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Replacing power produced by four Snake River dams feasible, study claims

This Oct. 19, 2016, file photo shows the Lower Granite Dam on the Snake River in Washington state. (Jesse Tinsley / The Spokesman-Review)
This Oct. 19, 2016, file photo shows the Lower Granite Dam on the Snake River in Washington state. (Jesse Tinsley / The Spokesman-Review)

The energy produced by the four lower Snake River dams could be replaced by a mix of other clean energy sources, according to a study published last week.

The study was commissioned by the NW Energy Coalition and conducted by Energy Strategies, a Utah-based company. The study used the Bonneville Power Administration’s data.

Removing the dams would cost users about $1 extra a month, according to the study. The study recommends replacing the power produced by the dams with a mix of wind and solar power while also encouraging users to cut their use during high-demand times.

“The region can remove the four Lower Snake River Dams and replace the power they provide with a portfolio of conservation and renewable energy resources while maintaining grid and transmission reliability at levels equal to or better than the current system and with little or no increase in greenhouse gas emissions,” states the report.

The four dams considered in the study are Ice Harbor, Lower Monumental, Little Goose and Lower Granite.

“Even using BPA’s own numbers and a very conservative analysis, this study shows that replacing the energy from the lower Snake River dams is doable and affordable,” said Sam Mace, the Inland Northwest Director for Save Our Wild Salmon in an email.

The dams provide about 4 percent of the region’s electricity, according to the report. At the same time, the dams have been responsible for declining salmon populations.

Some dispute the study’s findings.

“There are a number of problems with (the report),” said Todd Myers, the environmental director for the Washington Policy Center. “They are playing many games all at once.”

Myers said that after reading the study he believes the amount of energy the report predicts Washington and Idaho would get from wind and solar are “not realistic.” Additionally, he said the calculated cost to taxpayers was misleading, among other things.

“It doesn’t actually replace all the electricity. The Co2 emissions would actually go up and their cost estimates contradict the studies they cite,” he said.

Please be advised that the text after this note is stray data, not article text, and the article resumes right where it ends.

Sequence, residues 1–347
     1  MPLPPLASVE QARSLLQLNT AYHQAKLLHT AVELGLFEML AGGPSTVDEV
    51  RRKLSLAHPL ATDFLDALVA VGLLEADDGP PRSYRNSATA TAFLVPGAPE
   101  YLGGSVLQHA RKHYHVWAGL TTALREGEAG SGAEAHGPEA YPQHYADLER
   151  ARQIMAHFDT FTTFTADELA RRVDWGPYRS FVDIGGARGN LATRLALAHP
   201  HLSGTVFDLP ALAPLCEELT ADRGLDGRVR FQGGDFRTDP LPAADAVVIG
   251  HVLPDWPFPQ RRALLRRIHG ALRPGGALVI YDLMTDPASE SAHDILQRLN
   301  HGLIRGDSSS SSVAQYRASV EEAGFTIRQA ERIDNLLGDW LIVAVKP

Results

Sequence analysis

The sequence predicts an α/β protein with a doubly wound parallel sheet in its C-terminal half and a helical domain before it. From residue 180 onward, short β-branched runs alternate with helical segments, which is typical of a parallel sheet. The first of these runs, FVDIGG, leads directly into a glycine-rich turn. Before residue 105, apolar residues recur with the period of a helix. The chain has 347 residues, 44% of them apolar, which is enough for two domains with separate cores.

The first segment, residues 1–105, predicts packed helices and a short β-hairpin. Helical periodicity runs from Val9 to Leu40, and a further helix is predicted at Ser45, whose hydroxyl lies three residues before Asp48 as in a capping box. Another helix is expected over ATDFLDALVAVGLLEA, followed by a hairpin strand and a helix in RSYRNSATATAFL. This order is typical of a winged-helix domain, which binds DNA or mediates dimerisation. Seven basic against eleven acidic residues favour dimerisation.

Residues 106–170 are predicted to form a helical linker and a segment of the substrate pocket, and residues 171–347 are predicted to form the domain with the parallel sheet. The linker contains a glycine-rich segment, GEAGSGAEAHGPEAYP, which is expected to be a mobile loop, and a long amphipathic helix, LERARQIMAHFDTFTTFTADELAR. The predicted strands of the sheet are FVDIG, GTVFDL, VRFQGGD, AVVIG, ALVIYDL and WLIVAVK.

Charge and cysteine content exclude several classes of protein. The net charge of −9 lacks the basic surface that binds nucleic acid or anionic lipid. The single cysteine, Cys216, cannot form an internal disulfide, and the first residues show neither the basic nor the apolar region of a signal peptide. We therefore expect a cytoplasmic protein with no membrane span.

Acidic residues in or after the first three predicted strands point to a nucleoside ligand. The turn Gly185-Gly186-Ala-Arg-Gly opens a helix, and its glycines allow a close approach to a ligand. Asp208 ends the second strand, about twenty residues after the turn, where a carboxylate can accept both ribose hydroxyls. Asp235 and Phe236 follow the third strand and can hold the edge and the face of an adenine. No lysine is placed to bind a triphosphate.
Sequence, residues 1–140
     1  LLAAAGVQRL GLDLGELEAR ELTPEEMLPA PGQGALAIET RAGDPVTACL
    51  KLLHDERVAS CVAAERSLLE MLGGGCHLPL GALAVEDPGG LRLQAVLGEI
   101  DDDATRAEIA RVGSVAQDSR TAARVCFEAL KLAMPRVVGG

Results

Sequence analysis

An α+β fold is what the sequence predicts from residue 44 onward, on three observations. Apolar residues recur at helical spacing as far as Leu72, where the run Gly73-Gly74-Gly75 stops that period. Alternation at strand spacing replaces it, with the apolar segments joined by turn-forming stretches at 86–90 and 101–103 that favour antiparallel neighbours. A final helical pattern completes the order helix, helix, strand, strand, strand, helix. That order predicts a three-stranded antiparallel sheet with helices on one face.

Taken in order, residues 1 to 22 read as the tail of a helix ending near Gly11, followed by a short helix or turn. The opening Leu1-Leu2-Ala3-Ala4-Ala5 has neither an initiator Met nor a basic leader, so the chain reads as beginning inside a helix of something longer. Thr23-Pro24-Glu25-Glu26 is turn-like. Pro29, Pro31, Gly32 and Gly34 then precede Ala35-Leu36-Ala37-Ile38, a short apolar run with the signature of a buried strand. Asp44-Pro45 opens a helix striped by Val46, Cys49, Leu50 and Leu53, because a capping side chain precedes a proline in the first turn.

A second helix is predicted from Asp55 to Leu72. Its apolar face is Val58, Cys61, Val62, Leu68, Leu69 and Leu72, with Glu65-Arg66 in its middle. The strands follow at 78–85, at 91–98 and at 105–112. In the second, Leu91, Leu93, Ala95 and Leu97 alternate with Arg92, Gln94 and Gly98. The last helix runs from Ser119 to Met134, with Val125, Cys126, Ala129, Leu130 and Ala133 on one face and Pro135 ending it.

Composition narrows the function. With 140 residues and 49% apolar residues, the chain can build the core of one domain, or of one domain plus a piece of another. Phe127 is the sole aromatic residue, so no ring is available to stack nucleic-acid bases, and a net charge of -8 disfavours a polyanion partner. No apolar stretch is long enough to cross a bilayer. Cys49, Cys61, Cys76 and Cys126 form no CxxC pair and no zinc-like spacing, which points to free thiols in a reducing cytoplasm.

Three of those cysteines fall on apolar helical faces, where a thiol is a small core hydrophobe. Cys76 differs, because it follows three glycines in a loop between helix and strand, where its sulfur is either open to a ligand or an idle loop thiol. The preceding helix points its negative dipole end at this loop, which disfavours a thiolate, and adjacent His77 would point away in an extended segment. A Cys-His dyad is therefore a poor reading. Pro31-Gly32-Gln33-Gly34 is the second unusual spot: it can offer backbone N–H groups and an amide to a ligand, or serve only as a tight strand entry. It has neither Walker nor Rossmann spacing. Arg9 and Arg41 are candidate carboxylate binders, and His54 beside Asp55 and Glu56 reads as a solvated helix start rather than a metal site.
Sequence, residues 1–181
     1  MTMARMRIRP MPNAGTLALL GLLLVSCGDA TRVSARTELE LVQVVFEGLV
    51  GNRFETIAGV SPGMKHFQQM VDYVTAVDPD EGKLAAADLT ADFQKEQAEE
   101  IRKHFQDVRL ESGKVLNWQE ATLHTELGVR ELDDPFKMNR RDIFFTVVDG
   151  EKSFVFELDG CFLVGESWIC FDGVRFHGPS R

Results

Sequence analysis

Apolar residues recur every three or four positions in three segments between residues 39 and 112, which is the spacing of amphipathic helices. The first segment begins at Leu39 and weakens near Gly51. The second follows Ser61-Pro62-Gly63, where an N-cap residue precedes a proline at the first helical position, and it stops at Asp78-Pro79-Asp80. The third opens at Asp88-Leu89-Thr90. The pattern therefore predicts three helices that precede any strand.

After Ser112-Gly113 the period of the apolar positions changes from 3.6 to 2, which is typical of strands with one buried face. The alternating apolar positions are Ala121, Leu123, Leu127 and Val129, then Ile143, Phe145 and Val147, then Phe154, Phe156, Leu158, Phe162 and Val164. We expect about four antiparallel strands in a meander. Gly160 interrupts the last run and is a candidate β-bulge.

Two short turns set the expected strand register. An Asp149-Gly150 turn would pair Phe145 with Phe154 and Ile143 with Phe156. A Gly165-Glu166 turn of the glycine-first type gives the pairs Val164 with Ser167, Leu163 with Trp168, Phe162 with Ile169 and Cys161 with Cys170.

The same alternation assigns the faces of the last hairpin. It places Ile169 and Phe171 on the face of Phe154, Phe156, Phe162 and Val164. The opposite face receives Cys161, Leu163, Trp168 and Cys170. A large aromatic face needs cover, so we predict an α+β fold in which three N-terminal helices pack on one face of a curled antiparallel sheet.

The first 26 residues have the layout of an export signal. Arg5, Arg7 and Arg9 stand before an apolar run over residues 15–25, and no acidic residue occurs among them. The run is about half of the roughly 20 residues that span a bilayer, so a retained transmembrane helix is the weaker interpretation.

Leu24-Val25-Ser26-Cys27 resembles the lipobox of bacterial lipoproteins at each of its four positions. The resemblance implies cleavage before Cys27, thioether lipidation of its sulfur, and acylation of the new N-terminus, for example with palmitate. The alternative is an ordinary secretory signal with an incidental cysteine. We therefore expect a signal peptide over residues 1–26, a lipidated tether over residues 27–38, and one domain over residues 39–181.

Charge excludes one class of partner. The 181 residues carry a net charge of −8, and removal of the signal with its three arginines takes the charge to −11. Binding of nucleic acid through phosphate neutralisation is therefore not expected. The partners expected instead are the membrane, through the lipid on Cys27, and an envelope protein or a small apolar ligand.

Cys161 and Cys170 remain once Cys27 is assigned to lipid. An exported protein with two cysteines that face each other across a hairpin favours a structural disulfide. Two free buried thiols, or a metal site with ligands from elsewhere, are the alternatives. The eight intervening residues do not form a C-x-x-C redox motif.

In an online blog post refuting the study, Myers wrote, “although the study isn’t a useful tool for public policy guidance, it illuminates the lengths some will go to in order to push an agenda even when the data are not on their side.”

U.S. Rep. Cathy McMorris Rodgers, R-Spokane, has introduced legislation, HB 3144, that would protect the four dams from removal.

One part of McMorris Rodgers’ argument for preserving the dams is the power they provide.

That is just one argument for keeping the dams, a spokesman for the congresswoman said. The dams allow farmers in Idaho and Washington to ship their crops using barges, and provide some flood control, among other things.

Barge traffic has declined in recent years.

Rep. Joe Schmick, R-Colfax, said the dams remain important to his constituents as does barge traffic. Additionally, he’s skeptical that the power produced by the dams can be replaced cheaply.

“There are real costs to doing this (removing dams) and costs to everyone,” he said.

The energy study comes on the tail end of a busy two weeks for dam and salmon issues. On Monday, a U.S. appeals court ordered dams on the Snake and Columbia rivers to spill more water to help protect salmon and steelhead and aid their migration to the sea. In late March, a poll was published showing that a majority of Washington voters would rather see increased wild salmon runs than preserve four lower Snake River dams.

McMorris Rodgers’ bill will likely receive a floor vote in the House of Representatives within the next two months.

Lisa Brown, McMorris Rodgers’ democratic challenger, said she doesn’t support the bill, but she doesn’t support dam removal, either.

Instead, she believes the bill puts too much control in the federal government’s hands. She advocates for a regional stakeholder decision making process, one that “determines how to move forward in a way that consults the best scientific and biological studies for managing dams to maximize the chances of salmon survival.

“(The bill) presents a false choice: that we have to choose between keeping our dams or preserving our salmon,” she said in an email. “We don’t have to make that choice, and most people in eastern Washington want the benefits of hydropower and they do not want native salmon to become extinct.”

Advocates of dam removal say the energy study is just one more indication that the four dams on the Lower Snake River can, and should, go.

“I have a lot of hope for the future and this study again reaffirms what has been known for years and for decades,” said Josh Mills, a board member of the Wild Steelhead Coalition. “These damns have kind of outlived their usefulness. And that this fear of loss is not necessary.”


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